The Muffin Lady’s Last Stand

The world is a very uncertain and frightening place. We all have our little things that get us through the day, or the week, or the winter. Mine was muffins. A certain kind of muffin, made by a certain lady. Maybe I took those muffins for granted, because even with my tendency to imagine the worst, I never imagined a world without a muffin-shaped vessel of sugar, flour, and pure home-baked comfort.

This Saturday marked the end of an era.

A woman named Mary (who my family has always called “The Muffin Lady”) has been selling the most amazing muffins the world has ever tasted at the farmer’s market in my hometown since 1982. My dad has faithfully bought muffins from her every Saturday since before I was born. Recently, he did some calculations, and came to an incredible conclusion.

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Ever since, his goal has been to get to 5,000 muffins. He talks about it all the time. Instead of “How’s the family?” or “What have you been up to lately?” his friends ask him, “How many more muffins until 5,000?”

When we were little, my dad and my sister and I had a ritual of going to see the Muffin Lady every Saturday, then grabbing a spot on our favorite bench in the park and playing the car game, you know, guessing what color car is going to roll down the street next. With a giant double chocolate muffin with extra chocolate chips slowly melting in your hands and the sun shining and the whole weekend ahead of you, it’s pretty much paradise, especially when you win because you know most people have blue cars, unlike your idiot sister who always picks purple.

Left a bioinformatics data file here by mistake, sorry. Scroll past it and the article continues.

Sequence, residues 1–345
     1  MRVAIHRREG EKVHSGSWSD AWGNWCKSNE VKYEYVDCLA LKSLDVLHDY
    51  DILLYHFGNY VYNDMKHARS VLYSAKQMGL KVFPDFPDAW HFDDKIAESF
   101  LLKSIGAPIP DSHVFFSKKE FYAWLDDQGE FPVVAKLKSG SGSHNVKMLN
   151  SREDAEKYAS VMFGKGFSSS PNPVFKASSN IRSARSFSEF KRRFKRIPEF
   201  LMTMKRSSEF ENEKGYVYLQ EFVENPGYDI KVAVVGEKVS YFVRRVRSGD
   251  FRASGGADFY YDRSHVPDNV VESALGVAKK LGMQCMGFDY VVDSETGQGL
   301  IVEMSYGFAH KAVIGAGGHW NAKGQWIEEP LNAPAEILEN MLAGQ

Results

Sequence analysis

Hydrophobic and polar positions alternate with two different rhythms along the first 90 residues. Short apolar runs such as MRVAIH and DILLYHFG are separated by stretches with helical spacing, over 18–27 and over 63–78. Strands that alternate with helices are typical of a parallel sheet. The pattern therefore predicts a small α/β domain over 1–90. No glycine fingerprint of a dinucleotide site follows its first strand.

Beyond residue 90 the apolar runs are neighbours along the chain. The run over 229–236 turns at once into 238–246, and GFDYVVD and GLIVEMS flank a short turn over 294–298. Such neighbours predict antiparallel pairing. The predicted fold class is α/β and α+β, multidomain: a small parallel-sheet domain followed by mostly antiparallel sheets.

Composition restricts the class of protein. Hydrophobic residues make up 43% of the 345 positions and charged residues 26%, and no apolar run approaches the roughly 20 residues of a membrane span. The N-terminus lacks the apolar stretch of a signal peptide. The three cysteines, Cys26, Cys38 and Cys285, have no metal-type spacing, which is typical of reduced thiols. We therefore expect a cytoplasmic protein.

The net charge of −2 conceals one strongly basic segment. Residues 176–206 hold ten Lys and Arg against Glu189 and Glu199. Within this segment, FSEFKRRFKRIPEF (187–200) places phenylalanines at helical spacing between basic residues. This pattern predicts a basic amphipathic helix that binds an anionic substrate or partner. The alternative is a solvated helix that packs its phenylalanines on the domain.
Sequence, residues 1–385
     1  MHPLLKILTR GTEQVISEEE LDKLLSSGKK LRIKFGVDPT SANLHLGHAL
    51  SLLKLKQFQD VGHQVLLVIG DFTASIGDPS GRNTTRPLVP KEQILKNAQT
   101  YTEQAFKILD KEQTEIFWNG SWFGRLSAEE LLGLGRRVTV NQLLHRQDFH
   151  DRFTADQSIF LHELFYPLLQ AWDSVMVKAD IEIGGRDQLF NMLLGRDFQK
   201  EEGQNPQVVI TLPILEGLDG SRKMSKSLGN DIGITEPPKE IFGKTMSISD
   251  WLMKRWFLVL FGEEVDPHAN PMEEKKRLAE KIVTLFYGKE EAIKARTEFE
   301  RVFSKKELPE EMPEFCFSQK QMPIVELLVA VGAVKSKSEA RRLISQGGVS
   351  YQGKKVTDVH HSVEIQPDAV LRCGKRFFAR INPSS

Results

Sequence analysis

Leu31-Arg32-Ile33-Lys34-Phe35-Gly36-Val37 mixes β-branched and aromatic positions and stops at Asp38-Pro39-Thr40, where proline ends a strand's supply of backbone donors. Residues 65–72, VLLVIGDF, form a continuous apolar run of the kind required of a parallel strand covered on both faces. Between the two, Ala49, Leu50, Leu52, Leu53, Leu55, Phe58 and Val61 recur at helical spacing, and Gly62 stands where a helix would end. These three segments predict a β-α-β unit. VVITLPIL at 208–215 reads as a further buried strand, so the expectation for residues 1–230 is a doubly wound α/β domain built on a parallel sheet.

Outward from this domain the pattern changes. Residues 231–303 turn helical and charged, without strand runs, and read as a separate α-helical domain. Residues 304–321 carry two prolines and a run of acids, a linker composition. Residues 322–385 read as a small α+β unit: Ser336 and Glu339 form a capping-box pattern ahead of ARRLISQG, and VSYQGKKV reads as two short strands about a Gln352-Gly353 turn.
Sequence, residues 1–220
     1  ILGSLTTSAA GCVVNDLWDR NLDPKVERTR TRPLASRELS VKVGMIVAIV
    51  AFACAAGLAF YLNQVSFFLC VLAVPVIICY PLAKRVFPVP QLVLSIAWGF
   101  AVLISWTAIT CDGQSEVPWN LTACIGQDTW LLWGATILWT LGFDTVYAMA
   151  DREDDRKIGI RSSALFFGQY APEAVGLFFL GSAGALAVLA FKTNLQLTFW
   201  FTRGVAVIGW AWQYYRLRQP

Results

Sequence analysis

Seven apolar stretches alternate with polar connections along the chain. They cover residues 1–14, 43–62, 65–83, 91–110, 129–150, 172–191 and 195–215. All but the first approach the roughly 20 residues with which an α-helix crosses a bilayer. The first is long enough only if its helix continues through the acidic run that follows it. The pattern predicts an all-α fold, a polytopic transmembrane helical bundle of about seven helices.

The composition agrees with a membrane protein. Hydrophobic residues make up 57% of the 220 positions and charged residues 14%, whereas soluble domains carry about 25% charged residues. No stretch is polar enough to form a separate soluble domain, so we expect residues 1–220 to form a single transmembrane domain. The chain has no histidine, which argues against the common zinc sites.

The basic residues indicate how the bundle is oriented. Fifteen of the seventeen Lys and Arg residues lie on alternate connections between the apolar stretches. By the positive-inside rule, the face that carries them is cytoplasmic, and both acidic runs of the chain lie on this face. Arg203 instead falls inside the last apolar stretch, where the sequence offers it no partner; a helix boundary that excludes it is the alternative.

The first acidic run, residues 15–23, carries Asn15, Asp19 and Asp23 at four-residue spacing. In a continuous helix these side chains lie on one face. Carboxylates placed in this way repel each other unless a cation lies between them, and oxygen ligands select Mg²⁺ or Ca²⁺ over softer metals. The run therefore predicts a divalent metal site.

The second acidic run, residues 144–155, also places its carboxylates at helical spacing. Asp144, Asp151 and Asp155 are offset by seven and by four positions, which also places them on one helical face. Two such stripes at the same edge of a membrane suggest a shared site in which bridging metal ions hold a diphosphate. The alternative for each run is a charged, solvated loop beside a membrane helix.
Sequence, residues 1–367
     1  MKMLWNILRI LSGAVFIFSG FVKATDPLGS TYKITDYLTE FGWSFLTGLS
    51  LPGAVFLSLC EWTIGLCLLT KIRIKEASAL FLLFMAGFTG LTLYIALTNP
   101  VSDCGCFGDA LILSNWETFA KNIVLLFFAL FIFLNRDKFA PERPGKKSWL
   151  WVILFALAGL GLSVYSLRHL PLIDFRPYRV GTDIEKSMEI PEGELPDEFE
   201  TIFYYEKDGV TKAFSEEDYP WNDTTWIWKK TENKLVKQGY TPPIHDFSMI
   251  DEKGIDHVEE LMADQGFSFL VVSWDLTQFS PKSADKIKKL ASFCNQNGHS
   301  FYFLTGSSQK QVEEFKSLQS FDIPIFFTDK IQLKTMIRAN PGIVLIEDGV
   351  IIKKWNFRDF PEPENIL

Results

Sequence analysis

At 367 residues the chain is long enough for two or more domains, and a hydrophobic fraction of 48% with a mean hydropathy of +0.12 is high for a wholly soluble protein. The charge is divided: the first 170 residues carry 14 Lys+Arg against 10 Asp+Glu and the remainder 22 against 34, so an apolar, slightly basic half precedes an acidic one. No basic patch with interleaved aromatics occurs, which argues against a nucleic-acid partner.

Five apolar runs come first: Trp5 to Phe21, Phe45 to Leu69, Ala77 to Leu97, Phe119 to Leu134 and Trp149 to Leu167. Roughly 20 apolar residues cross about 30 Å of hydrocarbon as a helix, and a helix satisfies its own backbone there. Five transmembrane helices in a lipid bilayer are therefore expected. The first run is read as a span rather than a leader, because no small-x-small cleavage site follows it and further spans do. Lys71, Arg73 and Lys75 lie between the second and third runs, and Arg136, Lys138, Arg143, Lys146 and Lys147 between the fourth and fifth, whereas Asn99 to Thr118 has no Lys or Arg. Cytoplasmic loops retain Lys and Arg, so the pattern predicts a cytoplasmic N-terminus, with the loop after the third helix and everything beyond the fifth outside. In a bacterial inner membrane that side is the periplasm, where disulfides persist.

The Muffin Lady has always had a special bond with our family. She knew both of my late grandmothers by their first names. She welcomed A as a member of the family the first time I brought her to the farmer’s market, and last fall the Muffin Lady actually hugged me while we both cried over my parents’ favorite dog being put to sleep (since he was a faithful visitor every Saturday as well). We all thought the Muffin Lady would be there for us forever.

Well, the Saturday before last, I got there at my normal time, ready for my hardest decision of the day to be “Do I get one cinnamon chip muffin—my favorite muffin—or two? I should get two, because I like to stress-eat one during Game of Thrones,” and what do I see at the Muffin Lady’s stand? The same stand that she’s occupied in rain, shine, sleet and snow since 1982?

A sign that said, “Our last market will be next week. Moving to Texas. Thank you for 35 wonderful years.”

I was gobsmacked. I didn’t even notice the line forming behind me of fellow freaked-out townies, all asking questions like, “Can we order the muffins online? Will you be my Facebook friend? Will you ever come back?”

Mary’s assistant, Robin, said to me through tears, “How are you going to tell your dad?”

“I don’t know,” I said. “I’m not emotionally prepared for this.”

“And your parents’ new dog just graduated from obedience school too,” said Robin. “He’ll hardly know us!”

My parents have always kept the Muffin Lady updated on everyone’s academic achievements.

I never call my parents unless someone is dead, but I called my dad from the market.

“No more muffins?” said my dad. “Oh the humanity!”